Squeegee people were the one of the many signs of the chaos, disorder and decay of our society in the 1970s - caused by a poor economy and a system of government that was failing it's people — and now they’re making a comeback.
Only this time, the squeegee people are present because of a severe inequality of wealth manifesting itself with inflated real estate prices and the cost of housing and insurance. This time the Squeegee Punks are the artist group known as The Biennial Project, and they spraying your windshields for ‘donations’ in the hope of holding on a little longer in the city of Boston.
Imagine if you will that you have paid $1,500 to get a ticket to the opening gala of the Institute of Contemporary Art's new annex in East Boston. It's in a neighborhood you probably have never been to and only associate with the airport. You put on your best pastel summer outfit and hop into your uber, which delivers you to a foreign location right in your own city. You are pleased with yourself for supporting the arts and looking forward to a really great sunset party on Boston Harbor. You come out of the tunnel and see a lively and pleasant, albeit dilapidated, neighborhood right on the water with beautiful parks and turn of the century architecture. You start to picture the real estate bargain and the quick appreciation it will turn once they clean the neighborhood up and open that Starbucks and Whole Foods.
Then Boom! Your uber is blocked and you are accosted by a merry band of artists dressed in yellow, lead by the renowned East Boston artist group The Biennial Project. They are attacking your windows from all sides with spray wash and soapy water. These yellow bandits are actually washing your windows like you saw in the inner city in the 1970s. They are yelling things like ‘Make Art, not Condos!', ‘Buy art, not hors d'oeuvres!’ They have written slogans such as '$ for Artist Anti Displacement Fund’ and ‘Will paint for food’ on their wash rags.
Oh my, what kind of a neighborhood is this? What do they want? Do they mean to harm you? Do they want your money (well maybe). No, what the Biennial Project wants is to be able to let artists stay in the city they call home. The Biennial Project wants to bring to light that we are losing the soul of Boston to real estate developers and the wealthy. The Biennial Project means to demonstrate this by borrowing one of symbols of urban decay of the past century - The Squeegee Bandits. And yes, maybe The Biennial Project wants you, the wealthy, well-meaning art patron, to feel a little bit uncomfortable in your bourgie ways.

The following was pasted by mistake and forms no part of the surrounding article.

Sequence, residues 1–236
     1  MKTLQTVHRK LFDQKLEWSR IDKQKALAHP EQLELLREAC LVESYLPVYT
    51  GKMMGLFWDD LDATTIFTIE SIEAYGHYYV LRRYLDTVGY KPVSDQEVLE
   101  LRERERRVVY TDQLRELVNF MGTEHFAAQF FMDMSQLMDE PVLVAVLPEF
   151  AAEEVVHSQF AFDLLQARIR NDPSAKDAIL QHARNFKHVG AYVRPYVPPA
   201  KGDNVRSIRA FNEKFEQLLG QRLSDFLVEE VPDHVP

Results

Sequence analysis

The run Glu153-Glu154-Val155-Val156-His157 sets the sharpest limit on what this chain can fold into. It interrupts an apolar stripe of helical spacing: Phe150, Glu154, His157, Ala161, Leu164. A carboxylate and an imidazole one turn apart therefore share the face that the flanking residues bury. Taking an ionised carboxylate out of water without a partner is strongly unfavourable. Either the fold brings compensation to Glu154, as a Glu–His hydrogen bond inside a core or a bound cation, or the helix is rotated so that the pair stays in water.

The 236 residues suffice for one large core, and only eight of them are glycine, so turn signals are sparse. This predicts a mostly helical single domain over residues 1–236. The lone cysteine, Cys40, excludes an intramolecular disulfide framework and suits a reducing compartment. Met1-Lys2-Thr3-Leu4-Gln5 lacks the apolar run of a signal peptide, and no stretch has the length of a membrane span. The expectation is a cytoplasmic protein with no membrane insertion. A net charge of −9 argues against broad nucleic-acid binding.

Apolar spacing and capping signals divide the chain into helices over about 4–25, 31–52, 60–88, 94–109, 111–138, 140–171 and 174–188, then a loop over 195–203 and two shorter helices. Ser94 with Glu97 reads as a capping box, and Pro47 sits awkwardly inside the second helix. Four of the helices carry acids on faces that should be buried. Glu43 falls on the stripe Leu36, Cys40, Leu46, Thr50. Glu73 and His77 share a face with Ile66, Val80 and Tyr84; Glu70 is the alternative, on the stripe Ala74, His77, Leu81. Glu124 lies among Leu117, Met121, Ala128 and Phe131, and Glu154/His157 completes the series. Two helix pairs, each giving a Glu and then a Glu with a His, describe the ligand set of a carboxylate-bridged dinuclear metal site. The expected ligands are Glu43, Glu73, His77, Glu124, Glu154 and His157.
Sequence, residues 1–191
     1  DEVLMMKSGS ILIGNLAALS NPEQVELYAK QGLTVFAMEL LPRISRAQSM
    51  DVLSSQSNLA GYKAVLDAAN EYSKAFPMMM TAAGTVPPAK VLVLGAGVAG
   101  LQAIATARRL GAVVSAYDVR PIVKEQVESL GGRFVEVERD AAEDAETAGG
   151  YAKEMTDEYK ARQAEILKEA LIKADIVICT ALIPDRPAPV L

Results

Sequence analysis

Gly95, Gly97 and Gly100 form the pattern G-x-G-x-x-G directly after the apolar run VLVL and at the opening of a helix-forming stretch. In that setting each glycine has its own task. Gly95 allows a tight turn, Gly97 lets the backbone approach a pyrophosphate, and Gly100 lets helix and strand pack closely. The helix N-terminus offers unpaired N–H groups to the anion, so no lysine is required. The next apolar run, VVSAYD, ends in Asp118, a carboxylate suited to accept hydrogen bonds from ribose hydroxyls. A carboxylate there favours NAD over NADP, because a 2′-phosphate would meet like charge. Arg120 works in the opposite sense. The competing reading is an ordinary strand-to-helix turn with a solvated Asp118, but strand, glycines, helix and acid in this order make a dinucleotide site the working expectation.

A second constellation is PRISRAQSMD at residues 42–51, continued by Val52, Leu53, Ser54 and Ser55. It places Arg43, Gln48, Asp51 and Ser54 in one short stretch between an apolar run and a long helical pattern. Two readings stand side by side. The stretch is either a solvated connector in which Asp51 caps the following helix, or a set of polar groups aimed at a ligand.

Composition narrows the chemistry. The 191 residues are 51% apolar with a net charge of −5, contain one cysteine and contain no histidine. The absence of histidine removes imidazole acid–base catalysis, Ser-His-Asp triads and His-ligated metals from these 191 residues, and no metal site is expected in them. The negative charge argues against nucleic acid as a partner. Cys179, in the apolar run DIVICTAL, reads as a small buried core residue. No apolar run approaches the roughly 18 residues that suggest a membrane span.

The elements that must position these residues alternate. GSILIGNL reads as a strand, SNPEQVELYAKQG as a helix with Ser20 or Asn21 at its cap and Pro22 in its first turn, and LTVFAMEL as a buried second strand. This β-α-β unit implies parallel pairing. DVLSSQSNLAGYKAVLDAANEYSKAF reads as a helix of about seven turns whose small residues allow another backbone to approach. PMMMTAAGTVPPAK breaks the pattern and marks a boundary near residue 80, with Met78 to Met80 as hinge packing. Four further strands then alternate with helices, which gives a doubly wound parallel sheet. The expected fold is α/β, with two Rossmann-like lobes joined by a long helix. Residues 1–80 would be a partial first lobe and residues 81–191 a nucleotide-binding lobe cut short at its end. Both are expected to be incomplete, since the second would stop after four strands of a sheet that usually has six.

The Biennial Project, whose roots are in East Boston, have been witnessing fellow artists being chased out of our gentrifying neighborhood at a rapid pace. The artists, who have been here for at least a few decades, are one of the many reasons developers have been selling East Boston as the new hot spot to live. How ironic that we contributed to making the neighborhood desirable and now many of us can’t afford to stay here.
Where will we be in 15 years?
SEE THE SQUEEGEE PUNKS IN ACTION HERE!
The Squeegee Punks as performed at the ICA Watershed Gala by The Biennial Project Summer Players - Anna Salmeron, Audrina Warren, Charlene Liska, Emily Jansen, Eric Hess, Michael St. Germain, Paul Weiner, Roman Edirisinghe, and Vicki Schepps. Video by Charlene Liska. Photos by Paul Weiner, Michael St. Germain, and Charlene Liska.